End to HDL hangover hovering?

Friday, 16 September 2011 03:13 -     - {{hitsCtrl.values.hits}}

In what is likely to be major breakthrough to the litigation-filled long-drawn-out impasse at Hilton Colombo-owning company Hotel Developers Plc (HDL), a proposal for an amicable win-win settlement has been presented to the Treasury.

Sources said that as per the proposals with four options studied by Treasury, major shareholder Cornel Perera (owning 56% but held in trust by the State at present) and the Japanese investors (holding 27.5%) have expressed willingness to exit HDL as part of the proposal, a forerunner to what is dubbed as a settlement “both financially and legally to the satisfaction of all concerned parties”. Additionally, an understanding has been reached for all legal issues to be sorted out amicably and conclusively in agreement with parties at litigation, including Nihal Sri Ameresekere. Wrong doings if any by parties must and can be regularised as agreed in principle by all parties and lawyers representing them via the Supreme Court in the spirit of an amicable settlement.

Cornel and Japanese investors (Mitsui and Taisei) exiting will free up an 83% stake in HDL and along with the Treasury stake, it will bring the total to 92.5%, which would enable the Government to resell the entire holding for bidding via the Colombo bourse.

It has been said that when clean-sheeted through the Supreme Court, approximately 92.5% of a debt, litigation and encumbrance-free HDL could be marketed for any new foreign investor from leisure industry or local conglomerates or a consortium of both.

HDL’s market capitalisation is Rs. 5.6 billion ($ 51 million) based on its yesterday’s closing price of Rs. 125. This valuation is despite Rs. 12 billion liabilities including a Rs. 10 billion long-term loan outstanding and Rs. 10.3 billion retained losses as at 31 March 2010. Trading on the default board for the past 10 years, HDL’s 52-week highest share price is Rs. 165.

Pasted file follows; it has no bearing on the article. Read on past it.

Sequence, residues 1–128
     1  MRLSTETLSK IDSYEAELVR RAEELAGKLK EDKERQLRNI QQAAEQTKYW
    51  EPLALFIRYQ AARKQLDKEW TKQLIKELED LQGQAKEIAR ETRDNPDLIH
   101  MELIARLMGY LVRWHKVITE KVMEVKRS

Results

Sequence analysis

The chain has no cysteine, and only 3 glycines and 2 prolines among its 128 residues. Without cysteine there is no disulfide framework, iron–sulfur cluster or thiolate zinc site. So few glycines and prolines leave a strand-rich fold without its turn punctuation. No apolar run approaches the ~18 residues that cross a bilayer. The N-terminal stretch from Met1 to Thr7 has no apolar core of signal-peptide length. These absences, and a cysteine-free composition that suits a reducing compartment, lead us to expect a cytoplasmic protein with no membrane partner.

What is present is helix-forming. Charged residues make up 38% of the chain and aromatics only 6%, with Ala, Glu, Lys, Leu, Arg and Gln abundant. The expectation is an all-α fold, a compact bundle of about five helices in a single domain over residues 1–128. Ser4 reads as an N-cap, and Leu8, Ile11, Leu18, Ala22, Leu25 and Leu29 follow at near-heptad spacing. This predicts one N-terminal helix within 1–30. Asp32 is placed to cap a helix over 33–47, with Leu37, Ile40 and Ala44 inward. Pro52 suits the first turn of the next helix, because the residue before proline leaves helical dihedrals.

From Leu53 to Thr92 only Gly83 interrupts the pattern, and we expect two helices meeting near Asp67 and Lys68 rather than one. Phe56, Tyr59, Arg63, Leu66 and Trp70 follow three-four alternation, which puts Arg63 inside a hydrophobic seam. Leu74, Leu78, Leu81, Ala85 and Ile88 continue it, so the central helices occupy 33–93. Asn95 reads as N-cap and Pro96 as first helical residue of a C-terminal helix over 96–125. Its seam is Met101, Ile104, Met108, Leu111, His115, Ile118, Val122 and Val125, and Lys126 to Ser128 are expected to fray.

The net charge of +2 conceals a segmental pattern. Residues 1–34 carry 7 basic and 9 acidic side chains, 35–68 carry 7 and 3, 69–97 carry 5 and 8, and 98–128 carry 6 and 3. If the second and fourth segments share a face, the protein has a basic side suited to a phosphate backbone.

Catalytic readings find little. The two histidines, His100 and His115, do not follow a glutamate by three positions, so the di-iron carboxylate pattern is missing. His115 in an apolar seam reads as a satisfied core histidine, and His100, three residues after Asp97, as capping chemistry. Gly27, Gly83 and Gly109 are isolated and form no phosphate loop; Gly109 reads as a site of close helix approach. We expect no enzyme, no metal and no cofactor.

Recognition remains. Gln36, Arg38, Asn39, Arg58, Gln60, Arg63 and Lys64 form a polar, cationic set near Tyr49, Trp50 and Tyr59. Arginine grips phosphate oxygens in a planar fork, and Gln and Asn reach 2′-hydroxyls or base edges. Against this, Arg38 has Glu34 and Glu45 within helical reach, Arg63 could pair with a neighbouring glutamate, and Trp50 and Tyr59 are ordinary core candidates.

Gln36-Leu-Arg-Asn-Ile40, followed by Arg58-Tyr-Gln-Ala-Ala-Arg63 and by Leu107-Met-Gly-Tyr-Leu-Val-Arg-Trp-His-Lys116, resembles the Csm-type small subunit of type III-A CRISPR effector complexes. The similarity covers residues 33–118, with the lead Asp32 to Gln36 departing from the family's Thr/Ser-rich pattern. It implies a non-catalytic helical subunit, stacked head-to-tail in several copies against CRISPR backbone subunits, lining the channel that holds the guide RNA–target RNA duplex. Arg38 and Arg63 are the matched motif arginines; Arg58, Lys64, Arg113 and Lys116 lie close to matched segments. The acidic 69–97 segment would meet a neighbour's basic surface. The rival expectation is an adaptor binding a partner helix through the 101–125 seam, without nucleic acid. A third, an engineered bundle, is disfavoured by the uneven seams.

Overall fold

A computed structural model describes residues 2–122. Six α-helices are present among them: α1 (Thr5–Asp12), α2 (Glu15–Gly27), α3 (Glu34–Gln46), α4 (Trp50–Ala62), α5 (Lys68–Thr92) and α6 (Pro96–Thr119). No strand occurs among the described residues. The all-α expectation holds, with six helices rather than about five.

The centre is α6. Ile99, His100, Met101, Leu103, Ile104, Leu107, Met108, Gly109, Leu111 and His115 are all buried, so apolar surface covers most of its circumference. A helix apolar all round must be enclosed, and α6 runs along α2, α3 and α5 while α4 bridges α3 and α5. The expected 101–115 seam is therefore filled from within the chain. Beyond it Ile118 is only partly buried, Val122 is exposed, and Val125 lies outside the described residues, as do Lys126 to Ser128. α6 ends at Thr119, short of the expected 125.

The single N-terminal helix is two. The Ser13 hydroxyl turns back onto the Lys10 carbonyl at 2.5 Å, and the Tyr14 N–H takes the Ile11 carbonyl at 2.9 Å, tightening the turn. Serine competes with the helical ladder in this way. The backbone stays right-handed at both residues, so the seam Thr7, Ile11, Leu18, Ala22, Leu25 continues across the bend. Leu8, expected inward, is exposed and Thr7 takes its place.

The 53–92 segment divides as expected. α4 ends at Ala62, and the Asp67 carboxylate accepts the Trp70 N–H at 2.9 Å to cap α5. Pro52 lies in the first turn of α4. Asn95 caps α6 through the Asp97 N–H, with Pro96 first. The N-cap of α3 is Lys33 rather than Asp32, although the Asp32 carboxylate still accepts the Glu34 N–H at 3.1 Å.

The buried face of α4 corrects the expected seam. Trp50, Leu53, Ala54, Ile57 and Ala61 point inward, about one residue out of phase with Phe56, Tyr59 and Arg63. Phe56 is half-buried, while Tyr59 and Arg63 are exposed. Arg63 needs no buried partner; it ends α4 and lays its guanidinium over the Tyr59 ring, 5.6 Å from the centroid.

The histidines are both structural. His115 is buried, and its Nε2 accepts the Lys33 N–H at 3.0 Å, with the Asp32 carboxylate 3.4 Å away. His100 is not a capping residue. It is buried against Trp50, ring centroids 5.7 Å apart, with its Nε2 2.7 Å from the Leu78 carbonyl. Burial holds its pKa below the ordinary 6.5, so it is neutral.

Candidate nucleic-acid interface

If an amicable settlement is reached, proceeds from the sale of shares can be partly used to repay $ 39 million outstanding loan plus interest to the Treasury, as well as pay off Cornel and Co and Japanese shareholders and those who have filed cases in public interest.

Those who have been tracking the HDL-Hilton saga opined that unless a deal of this nature is struck, it was very unlikely that HDL would repay its liabilities, including to the State. The hotel of HDL badly needs an upgrade as well as funds for expansion, for which are hard to come by in the current scheme of things.

Company analysts estimate a debt and litigation free HDL would immediately get a massive valuation rerating for the better. Some even claimed that the 92% stake could fetch $ 200 million though this couldn’t be independently verified.

Tourism industry analysts however said that given the post-war rebound in tourism, several global hotel chains are keen to set up shop in Sri Lanka. In this scenario, they are likely to favour an existing opportunity like HDL, which has extra land to expand.

Validating the Government’s indications that several top seven and five star brands are keen on Sri Lanka, analysts said global giants such as Four Seasons, Ritz Carlton, Grand Hyatt or top Singapore or Malaysia-based Asian hotel operators who have partnerships with these brands are likely contenders if HDL is up for sale.

The latter category of investors work with multiple brands, hence Hilton can continue if it wishes to, whilst the new owner can put up a new facility on the adjacent land encompassing the poolside.

HDL’s landmass is two acres and the original project included a third tower and total room strength of 750, as opposed to around 400 at present. Thanks to the Japanese architecture, Hilton is also unique as it was built on what is known as a ‘non-ageing’ concept, which makes it more attractive to investors.

Apart from regional or international interests, a debt and litigation-free HDL will be a magnate for Sri Lankan conglomerates as well. For example, leisure giants such as Aitken Spence and Hemas do not have a city property, whilst industry major JKH would consider fresh opportunities in Colombo as well.

The HDL Board under the chairmanship of Tiru Nadesan of late has also been successful in checking the flight of excessive revenue/foreign exchange by negotiating better or market terms on management fees and other levies.

This, analysts said, would be reflected better in 2011/12 accounts of HDL, whilst improving occupancy levels and pick up in overall leisure and corporate markets have boosted yield at Hilton.